Homemade Waste Paint Hardener

Hunker may earn compensation through affiliate links in this story.

Following a painting project, it's important to dispose of excess paint properly. Depending on local laws and regulations, you may not be able to simply throw paint in the trash. Instead, there are certain methods for disposal that are both safe for the environment and, in many cases, required by law.

Homemade Waste Paint Hardener
Image Credit: Lightboxx/iStock/GettyImages

Paint Disposal Basics

While most paint isn't considered a hazardous material, it can't be disposed of unless the paint has completely dried out. There are several methods to dry out cans of latex paint, depending on how much time you have. The National Paint and Coatings Association states that paint comprises the largest volume of waste collected by hazardous waste programs throughout the country. When you can't use up or donate leftover paint, you may be able to dry it out in the can and dispose of it with your regular trash if your waste collection company permits.

How to Dry Out Paint

To dry out your paint, leave the can open in a warm, dry place. If there's 1 inch or less of paint in the can, it will dry out within a few days.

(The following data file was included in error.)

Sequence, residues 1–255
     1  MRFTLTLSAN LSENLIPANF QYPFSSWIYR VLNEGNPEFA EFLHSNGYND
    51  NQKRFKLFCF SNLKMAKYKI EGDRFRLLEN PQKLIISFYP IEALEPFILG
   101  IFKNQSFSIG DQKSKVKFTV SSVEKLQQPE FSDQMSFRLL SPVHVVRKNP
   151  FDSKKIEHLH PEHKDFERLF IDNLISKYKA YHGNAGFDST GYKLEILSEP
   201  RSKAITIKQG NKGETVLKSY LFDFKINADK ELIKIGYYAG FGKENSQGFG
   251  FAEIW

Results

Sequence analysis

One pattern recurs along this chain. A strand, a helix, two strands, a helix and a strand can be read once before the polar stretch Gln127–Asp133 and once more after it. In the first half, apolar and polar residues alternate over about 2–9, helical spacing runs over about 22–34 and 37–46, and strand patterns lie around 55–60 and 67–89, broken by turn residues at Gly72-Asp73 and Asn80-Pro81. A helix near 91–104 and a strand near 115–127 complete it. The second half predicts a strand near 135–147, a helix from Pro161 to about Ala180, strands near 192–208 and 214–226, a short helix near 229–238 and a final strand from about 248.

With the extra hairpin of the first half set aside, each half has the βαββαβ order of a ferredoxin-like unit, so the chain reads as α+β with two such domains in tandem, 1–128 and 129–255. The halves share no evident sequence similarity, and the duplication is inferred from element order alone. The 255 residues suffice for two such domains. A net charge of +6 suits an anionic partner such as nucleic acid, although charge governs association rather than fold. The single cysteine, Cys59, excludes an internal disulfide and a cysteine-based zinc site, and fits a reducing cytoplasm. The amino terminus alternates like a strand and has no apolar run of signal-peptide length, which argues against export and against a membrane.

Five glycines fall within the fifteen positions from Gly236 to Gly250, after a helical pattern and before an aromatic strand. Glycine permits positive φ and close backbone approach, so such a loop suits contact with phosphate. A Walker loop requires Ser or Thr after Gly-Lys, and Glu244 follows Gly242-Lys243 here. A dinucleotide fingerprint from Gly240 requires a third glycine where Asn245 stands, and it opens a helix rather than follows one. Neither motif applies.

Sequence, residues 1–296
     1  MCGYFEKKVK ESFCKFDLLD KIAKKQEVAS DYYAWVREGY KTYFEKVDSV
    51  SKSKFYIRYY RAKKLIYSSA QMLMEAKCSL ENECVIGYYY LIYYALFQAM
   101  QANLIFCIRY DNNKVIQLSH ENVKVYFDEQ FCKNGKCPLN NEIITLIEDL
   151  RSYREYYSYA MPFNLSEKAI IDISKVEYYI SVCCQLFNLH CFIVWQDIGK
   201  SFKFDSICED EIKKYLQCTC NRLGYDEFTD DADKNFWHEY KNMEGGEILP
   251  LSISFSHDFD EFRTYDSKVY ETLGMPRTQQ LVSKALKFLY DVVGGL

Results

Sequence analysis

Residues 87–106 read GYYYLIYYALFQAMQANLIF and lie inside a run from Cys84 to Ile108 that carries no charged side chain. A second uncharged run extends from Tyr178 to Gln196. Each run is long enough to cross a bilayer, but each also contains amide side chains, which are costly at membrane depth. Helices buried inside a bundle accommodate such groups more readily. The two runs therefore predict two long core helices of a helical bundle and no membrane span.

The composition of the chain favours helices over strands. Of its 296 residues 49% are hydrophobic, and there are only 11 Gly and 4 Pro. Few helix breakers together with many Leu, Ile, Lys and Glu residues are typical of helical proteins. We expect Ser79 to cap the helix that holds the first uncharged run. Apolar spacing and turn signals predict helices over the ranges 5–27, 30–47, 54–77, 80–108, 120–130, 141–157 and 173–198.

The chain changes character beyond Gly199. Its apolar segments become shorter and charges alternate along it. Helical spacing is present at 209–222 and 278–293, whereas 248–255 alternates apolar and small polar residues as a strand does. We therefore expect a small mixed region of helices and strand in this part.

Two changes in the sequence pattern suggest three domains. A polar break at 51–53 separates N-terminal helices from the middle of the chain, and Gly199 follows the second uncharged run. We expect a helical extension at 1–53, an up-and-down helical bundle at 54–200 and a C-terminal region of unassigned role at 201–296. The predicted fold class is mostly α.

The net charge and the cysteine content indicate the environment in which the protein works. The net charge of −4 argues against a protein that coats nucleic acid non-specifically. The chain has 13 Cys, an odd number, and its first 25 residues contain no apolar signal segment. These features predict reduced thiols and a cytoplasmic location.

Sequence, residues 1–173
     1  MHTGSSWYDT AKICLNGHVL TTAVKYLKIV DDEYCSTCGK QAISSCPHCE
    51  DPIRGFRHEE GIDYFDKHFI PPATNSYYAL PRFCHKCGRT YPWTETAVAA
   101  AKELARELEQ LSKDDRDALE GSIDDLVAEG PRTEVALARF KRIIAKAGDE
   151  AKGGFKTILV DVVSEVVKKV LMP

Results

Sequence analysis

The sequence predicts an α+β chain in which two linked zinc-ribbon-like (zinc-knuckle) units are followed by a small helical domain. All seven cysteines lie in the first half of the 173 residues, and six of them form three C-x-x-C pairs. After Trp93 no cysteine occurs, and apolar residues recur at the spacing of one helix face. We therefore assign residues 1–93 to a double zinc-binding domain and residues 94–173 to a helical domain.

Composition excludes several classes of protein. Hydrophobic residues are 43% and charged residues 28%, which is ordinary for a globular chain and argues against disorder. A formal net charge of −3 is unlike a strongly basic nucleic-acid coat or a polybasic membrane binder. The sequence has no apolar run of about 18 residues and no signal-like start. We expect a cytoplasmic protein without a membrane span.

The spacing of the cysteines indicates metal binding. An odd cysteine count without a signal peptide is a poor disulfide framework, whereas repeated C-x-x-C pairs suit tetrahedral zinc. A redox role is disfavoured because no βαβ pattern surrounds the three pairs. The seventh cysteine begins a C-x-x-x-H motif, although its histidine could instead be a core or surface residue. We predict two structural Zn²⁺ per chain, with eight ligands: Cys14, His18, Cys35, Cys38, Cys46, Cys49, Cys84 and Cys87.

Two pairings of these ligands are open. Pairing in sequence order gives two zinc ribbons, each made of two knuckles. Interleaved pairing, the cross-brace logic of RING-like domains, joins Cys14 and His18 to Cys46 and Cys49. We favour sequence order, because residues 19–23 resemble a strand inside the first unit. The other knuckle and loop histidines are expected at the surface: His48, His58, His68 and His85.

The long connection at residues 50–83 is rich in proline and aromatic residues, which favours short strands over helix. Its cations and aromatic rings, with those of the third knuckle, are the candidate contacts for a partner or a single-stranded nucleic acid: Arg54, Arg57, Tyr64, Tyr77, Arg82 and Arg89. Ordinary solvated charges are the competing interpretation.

Adding absorbent materials, such as sawdust or cat litter, to the paint can help it to dry out more quickly. Stir it frequently to encourage drying. You can also attempt to dry out your paint by pouring it into many small containers so it dries more quickly.

Commercial paint hardener is available for purchase at local hardware stores and home improvement chains. Paint hardener is manufactured as an absorbent powder. If you mix this powder in with your leftover paint as directed per package instructions, it should dry up large amounts of paint within a couple of days.

Once your paint has dried, you can put it in the trash. You should leave the lids off your paint cans when doing so, however, so that trash collectors don't reject it because they think it's full.

Abide by Local Laws

Before moving forward with any disposal methods, call your local government to see if they have a donation program for unwanted paint. If you have quite a bit of paint, it's better to donate it than to throw it away. If your area doesn't accept donations of these kinds, you may be able to include your leftover paint in a hazardous waste collection day.

Take note of different regulations depending on the type of paint you're throwing away. In some jurisdictions, you may be allowed to throw out water-based or latex paints that aren't dried. Most areas won't permit the disposal of oil-based paints this way, however.

Don't flush excess paint down the toilet or a sink. Doing so is very damaging to your water supply and plumbing. In addition, it's illegal in some areas and can be very harmful to plants and animals further along in the ecosystem, as well.


Danielle Smyth is a writer and content marketer from upstate New York. She holds a Master of Science in Publishing from Pace University. She owns her own content marketing agency, Wordsmyth Creative Content Marketing (www.wordsmythcontent.com), and she enjoys writing home and DIY articles and blogs for clients in a variety of related industries. She also runs her own lifestyle blog, Sweet Frivolity (www.sweetfrivolity.com).

View Work